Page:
I don’t think there are any wrong opinions. However, many are misinformed. I don’t think there can ever be too many opinions. New opinions and ideas are the springboard for progress and change.

ZEPHYRA's avatar

Too many and then some.

josie's avatar

No problem with too many opinions. The problem is the inability to discriminate between valid opinions and invalid opinions.

RandomGirl's avatar

I have news for you: there aren’t that many opinions.

Society tends to split into even camps. Back in the day, there were only a few public campaigners for each camp, arguing among themselves. The general public got to decide which position to take up. Of course, each person had a slightly different take on it, but all we knew back then was to choose the lesser of two (or three or four) evils.

Now, we have the ability to express and campaign for our particularly unique position. We seem to think our position – and our particular way of expressing our opinion – is the only acceptable one. Now that we have the means to argue for our case at any moment of the day, from the comfort of our homes, perfectly anonymously – now we’re at war with the world.

The Internet: Now you can argue vehemently even with the people you agree with!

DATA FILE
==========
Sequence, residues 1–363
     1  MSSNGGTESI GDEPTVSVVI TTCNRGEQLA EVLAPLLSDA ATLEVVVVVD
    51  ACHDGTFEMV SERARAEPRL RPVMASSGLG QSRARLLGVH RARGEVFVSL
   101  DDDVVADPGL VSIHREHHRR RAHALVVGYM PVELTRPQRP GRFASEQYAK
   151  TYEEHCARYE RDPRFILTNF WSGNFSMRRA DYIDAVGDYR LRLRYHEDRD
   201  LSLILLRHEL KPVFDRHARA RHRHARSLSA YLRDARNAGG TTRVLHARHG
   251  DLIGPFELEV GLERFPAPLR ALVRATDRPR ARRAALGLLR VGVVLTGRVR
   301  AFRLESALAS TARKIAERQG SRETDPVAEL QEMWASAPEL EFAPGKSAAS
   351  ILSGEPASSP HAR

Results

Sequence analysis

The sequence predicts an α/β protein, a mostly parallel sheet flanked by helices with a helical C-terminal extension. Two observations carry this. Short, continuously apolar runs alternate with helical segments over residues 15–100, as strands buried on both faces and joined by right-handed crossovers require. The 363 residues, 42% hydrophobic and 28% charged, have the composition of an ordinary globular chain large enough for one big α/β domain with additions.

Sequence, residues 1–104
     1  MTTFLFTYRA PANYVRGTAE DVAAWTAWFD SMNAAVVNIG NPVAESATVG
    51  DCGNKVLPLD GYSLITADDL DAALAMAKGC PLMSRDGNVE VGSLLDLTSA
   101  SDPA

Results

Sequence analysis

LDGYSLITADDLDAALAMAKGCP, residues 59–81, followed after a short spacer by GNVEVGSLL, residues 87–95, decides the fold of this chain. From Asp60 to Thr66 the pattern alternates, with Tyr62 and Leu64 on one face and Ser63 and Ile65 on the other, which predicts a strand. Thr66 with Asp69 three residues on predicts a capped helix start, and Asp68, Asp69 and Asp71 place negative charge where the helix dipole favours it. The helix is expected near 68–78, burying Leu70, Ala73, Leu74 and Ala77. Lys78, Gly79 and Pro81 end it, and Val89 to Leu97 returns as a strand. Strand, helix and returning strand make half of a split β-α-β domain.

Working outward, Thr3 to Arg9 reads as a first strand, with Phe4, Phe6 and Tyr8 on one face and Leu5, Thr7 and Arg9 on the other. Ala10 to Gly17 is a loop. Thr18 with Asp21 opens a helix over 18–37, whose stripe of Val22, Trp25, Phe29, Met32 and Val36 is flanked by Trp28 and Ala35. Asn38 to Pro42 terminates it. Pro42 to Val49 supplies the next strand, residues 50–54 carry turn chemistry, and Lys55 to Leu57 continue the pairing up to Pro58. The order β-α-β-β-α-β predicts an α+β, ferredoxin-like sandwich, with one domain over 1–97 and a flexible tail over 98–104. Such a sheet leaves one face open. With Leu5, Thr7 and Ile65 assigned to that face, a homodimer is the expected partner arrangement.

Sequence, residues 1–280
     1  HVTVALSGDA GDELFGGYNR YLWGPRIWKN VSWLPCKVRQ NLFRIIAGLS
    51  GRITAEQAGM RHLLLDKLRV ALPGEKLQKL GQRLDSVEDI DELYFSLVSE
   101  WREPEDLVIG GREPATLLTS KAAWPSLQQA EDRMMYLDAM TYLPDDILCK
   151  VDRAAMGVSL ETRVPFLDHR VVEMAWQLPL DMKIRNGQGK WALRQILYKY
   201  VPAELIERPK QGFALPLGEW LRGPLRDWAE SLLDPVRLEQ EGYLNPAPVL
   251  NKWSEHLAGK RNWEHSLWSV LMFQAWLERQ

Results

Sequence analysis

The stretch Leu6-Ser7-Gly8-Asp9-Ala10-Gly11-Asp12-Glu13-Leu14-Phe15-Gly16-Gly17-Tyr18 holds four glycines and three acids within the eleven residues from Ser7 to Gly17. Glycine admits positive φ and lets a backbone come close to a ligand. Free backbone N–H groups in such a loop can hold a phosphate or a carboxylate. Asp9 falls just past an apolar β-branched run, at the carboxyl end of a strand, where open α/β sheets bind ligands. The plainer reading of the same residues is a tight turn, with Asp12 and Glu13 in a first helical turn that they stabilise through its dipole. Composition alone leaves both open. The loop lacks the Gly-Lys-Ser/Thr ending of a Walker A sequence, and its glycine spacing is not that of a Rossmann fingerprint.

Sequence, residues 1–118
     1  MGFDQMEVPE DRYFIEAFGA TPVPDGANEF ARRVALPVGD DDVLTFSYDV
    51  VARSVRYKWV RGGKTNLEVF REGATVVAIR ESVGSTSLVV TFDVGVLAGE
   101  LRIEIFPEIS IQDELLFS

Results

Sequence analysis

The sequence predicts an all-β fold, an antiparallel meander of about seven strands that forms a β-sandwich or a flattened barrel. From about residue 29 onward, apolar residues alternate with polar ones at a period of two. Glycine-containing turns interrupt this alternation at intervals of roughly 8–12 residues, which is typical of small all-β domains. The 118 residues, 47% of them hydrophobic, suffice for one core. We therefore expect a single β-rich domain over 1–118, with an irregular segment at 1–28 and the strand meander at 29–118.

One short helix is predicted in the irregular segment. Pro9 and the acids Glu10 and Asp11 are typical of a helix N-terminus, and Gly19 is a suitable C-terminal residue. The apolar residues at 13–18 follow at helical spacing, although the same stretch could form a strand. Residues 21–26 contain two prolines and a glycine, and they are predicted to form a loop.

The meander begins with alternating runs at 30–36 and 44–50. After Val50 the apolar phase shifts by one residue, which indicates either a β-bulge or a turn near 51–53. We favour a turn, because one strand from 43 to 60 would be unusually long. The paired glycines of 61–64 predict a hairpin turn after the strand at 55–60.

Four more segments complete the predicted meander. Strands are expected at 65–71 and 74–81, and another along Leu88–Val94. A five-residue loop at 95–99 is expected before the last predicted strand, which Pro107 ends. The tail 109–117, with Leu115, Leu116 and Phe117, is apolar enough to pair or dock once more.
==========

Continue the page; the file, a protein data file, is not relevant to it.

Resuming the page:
Believe me – I don’t think the Republican Party is perfect. I just think it’s the best option. I know we have quacks, too. But I’m trying to work toward a common goal. I do wish we would stop fighting amongst ourselves, and everyone else stop arguing amongst themselves. Maybe then the two (or three) sides could argue with each other so someone could just win already and we could move on with life.

Sorry about the rant, but it’s relevant…

mattbrowne's avatar

Too many choices can indeed lead to gridlocks. Barry Schwartz calls this the paradox of choice. The good thing about opinions is that we don’t always have to choose and we shouldn’t force ourselves to do so. If we have to choose, then it’s best to use the satisficing approach. Consider a few choices and then select one that best meets our own criteria. The opposite perfectionist approach is called maximizing and it decreases our well-being.

LostInParadise's avatar

I think that we Jews are to blame. It is said that whenever you bring two of us together you get three opinions.

Seriously though, for any type medium, whether it is a book, movie, television show or blog, almost all of it is junk. You have to be discriminating in your choices. There are some good opinion sources out there, but they are scarce.

graynett's avatar

I disagree with all you say! I’ll fight to the death {well maybe not} your right to say it
If I know you and know in your heart your not truly evil, white black, racist, bigoted, rich poor or stupid

gailcalled's avatar

(My strong opinion is that you’re does not mean your.)